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  1. #1
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    How to control a electric magnet

    Hi all,
    I want to use a functional generator to control a electric magnet, the functional generator could generate a sine/cosine signal, and I have a L298N motor driver to drive my 12v-600N electric magnet. What should I do to connect the functional generator with the motor driver in order to let the magnet generate field according to the signal I have?
    Because the signal could be positive and negative voltage, I hope the driver could switch the current and make the polarity reversed.
    If you have better idea for the control circuit, please let me know. Thanks a lot!

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    Re: How to control a electric magnet

    Hi,

    It's done many million times: and audio speaker and an audio amplifer.
    So why don't you use this system?

    Klaus
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    Re: How to control a electric magnet

    Quote Originally Posted by KlausST View Post
    Hi,

    It's done many million times: and audio speaker and an audio amplifer.
    So why don't you use this system?

    Klaus
    Hi Klaus,
    That's because the speaker will be used underwater so I need to increase its power, so I purchased a large electric magnet. Actually I am not familiar audio amplifier, could you give me more information about that? Thanks !



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    Re: How to control a electric magnet

    Quote Originally Posted by KlausST View Post
    Hi,

    It's done many million times: and audio speaker and an audio amplifer.
    So why don't you use this system?

    Klaus
    Another problem is that what we want is a low frequency circuit, maybe 2Hz-40Hz regime, so the normal amplifier might not have good response at this region.



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    Re: How to control a electric magnet

    If you have better idea for the control circuit, please let me know. Thanks a lot!
    You should also implement a feedback system, perhaps with a simple coil around the magnet, perhaps using Hall sensors, so that you know the actual period and actual amplitude.



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    Re: How to control a electric magnet

    Hi,

    You know: for electrical designs you need electrical specifications.

    Now I try to summarize your given information:
    * functional generator, sinewave. (No voltage, no current)
    * electric magnet "12v-600N". I'm not sure if this is the type, or does it mean 12 Volts? 600Newton is useless. You need impedance or current.
    * L298N.

    I still vote for audio amplifiers. Nowadays many classD types are available. They combine a lot of features you need:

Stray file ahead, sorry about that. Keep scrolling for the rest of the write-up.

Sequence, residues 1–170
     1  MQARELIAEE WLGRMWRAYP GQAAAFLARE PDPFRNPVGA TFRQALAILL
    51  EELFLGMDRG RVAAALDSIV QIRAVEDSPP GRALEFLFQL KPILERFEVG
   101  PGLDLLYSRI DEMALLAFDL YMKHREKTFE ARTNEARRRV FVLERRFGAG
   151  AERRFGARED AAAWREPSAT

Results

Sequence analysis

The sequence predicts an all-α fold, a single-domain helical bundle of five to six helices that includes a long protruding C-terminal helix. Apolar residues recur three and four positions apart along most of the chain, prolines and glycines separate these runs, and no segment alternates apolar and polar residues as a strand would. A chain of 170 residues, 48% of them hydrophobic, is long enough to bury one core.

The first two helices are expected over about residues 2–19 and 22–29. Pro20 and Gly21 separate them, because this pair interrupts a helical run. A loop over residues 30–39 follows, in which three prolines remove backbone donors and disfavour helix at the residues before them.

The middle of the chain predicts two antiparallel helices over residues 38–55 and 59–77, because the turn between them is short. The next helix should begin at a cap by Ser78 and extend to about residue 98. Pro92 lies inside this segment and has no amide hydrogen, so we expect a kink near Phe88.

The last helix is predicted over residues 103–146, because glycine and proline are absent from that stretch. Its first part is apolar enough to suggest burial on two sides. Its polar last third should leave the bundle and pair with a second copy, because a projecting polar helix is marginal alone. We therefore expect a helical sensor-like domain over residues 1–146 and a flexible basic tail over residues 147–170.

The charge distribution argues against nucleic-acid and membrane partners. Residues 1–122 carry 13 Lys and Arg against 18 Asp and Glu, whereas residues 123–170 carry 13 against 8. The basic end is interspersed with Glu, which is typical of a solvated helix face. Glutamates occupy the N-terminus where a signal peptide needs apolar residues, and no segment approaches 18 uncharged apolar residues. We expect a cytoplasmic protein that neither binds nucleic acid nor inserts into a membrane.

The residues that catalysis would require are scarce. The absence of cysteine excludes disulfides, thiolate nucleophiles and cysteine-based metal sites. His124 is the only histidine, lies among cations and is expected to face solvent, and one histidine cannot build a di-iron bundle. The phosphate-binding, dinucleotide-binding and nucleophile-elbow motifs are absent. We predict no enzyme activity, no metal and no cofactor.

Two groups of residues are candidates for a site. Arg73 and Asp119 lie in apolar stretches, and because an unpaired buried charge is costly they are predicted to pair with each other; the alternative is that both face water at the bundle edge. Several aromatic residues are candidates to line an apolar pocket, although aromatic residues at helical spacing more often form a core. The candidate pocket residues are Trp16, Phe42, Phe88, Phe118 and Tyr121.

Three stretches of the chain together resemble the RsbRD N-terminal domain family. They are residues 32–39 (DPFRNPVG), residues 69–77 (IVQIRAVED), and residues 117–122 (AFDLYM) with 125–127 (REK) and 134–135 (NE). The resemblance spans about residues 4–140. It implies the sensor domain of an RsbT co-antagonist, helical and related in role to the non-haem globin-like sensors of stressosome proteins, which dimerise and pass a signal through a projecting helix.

* analog input
    * PWM output (you may use filters if you like)
    * your output voltage range
    * DC input supply voltage
    * AC output voltage (negative output. Often by using bridge topology)
    * relatively high output current
    * frequency range may be adjusted by external circuitry
    * you may buy cheap, ready to use modules (and modify them for your needs)
    * low power dissipation
    * capable of driving inductive loads

    I recommend to specify the current range first, then do an internet search for device names, read through datasheets and application notes provided by the manufacturers.

    Klaus
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    Re: How to control a electric magnet

    The issue with class D or any AC output amplifier is their wasted power which would be reflected and not be consumed by the electromagnet perdue its enormous inductance.

    This seems to be a task for a ZVS NMOS with the magnet inbetween the power supply to NMOS drain and an fast recovery/schottky snubber across the magnet.



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    Re: How to control a electric magnet

    The issue with class D or any AC output amplifier is their wasted power which would be reflected and not be consumed by the electromagnet perdue its enormous inductance.
    Your fears are partly unfounded.

    If you are worried about "enormous inductance" of the electromagnet, recall that any loudspeaker is essentially a motor and cannot move fast enough without large input of power.

    If the magnet is without any load, your point is somewhat valid. But in the voicecoil of any speaker, the movement is the load (rather fast accelerations or decelerations).

    If the magnetic field does no work (except perhaps producing some EM radiation), then what is the objective of the whole exercise? You need to clarify the setup. The magnetic field must see some load.

    Your design should have a high coupling between the magnetic field and the target load.

    For the time being, you can consider the electromagnet as a stator winding of a motor.

    I do not recall seeing any snubber network even for high power speaker coils; as long as the load is well coupled, you need not worry much.



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    Re: How to control a electric magnet

    Quote Originally Posted by c_mitra View Post
    Your fears are partly unfounded.

    If you are worried about "enormous inductance" of the electromagnet, recall that any loudspeaker is essentially a motor and cannot move fast enough without large input of power.